Supplement to the report of a case of xenomenia,1

made at the first annual meeting in 1876.

1Gynecological Transactions, vol. i. p. 135.

Parvin, Theophilus, 1829-1898.

Transactions of the American Gynecological Society.

Boston: Houghton, Osgood and Company, 1878.

Volume 2., for the year 1877., p. 482.

Illustrated: 2 heliotypes on separate leaves.

Subject: gynecology.

22.5 cm.

Photographer: Cassius Alley.

Parvin was president of the American medical Association in 1879 and a professor of obstetrics at Jefferson Medical College, his tenure beginning in the year 1883. Regarding this odd case he writes:

I mentioned [at the last meeting of the Society] that the subject of this abnormal menstruation had escaped from the institution of which she was an inmate, and was no longer under observation. Since that time, however, she has returned to the Reformatory, and I have had the opportunity of observing her at the three last menstrual periods. Formerly there was decided hemoptysis and some oozing of blood from the lower lip at such periods, but now these do not appear, and are substituted by great swelling of the tongue, so that for four of five days each month articulation and mastication are exceedingly difficult.

In his first report of this case, Parvin writes that his fourteen year old patient was born to wealthy parents but became a "castaway" and subsequently "led a life most unfavorable for healthy physical, intellectual, or moral development." Parvin's diagnosis has then to be weighed against the mental instability of his patient and all the subterfuges a disturbed adolescent girl is capable of perpetrating. Nor does it credit his conclusions to learn that Parvin, for his many ponderous medical journal contributions, provoked the sting of Osler's wit. With Parvin as his object and writing under the pseudonym Egerton Y. Davis, Osler fabricated a case of penis captivus and submitted it to the Philadelphia Medical News which printed it on December 4, 1884.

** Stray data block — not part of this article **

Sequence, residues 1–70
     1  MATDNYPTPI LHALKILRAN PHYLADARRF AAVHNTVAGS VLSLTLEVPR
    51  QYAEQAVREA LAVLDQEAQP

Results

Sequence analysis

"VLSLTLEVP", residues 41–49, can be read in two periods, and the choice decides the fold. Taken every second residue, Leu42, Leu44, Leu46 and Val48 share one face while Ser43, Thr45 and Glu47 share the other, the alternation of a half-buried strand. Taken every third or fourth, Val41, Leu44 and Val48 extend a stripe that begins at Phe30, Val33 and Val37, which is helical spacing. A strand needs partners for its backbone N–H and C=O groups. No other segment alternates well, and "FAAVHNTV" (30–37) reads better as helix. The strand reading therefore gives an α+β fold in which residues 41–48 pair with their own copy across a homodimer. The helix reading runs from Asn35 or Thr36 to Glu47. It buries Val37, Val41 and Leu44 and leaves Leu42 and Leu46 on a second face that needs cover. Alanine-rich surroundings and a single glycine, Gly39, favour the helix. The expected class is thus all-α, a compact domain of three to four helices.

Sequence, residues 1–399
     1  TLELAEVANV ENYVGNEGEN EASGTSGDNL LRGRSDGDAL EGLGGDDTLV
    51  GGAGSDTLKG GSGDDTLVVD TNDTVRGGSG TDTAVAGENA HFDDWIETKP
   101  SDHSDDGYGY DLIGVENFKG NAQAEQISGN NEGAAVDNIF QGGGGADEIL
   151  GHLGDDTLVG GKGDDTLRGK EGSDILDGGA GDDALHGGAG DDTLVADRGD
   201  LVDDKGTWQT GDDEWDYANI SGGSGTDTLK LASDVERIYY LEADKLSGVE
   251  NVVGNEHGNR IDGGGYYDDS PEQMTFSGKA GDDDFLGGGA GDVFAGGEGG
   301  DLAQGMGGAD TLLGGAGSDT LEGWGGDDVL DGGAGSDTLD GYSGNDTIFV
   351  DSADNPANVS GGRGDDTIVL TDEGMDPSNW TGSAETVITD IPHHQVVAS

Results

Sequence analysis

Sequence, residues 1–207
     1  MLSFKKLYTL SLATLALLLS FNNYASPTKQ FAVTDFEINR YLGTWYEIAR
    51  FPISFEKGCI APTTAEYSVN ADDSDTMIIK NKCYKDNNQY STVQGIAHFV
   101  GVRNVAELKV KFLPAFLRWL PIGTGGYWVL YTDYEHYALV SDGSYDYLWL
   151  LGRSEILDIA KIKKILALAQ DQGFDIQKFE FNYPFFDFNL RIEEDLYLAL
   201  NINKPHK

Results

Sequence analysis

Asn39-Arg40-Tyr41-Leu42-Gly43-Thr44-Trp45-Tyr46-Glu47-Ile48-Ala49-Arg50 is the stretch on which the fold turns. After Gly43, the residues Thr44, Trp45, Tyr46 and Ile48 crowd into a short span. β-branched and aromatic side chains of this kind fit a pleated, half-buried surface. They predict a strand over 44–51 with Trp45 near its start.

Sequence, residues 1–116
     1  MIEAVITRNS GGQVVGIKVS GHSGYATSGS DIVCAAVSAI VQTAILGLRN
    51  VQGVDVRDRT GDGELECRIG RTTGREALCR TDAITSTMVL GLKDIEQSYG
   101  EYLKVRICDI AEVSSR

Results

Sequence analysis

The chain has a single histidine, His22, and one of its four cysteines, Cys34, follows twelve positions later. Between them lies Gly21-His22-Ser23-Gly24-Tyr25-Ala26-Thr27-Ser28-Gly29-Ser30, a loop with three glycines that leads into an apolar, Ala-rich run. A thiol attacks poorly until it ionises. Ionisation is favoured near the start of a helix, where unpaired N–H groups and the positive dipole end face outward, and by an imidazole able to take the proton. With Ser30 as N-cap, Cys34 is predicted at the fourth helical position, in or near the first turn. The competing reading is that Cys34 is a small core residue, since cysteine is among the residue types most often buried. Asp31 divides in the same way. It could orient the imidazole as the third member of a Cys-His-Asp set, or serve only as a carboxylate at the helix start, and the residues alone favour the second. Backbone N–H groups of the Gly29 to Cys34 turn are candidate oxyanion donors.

Because his studio was the most active in Indianapolis at the time, I am attributing these remarkable images to the photographer Cassius Alley.

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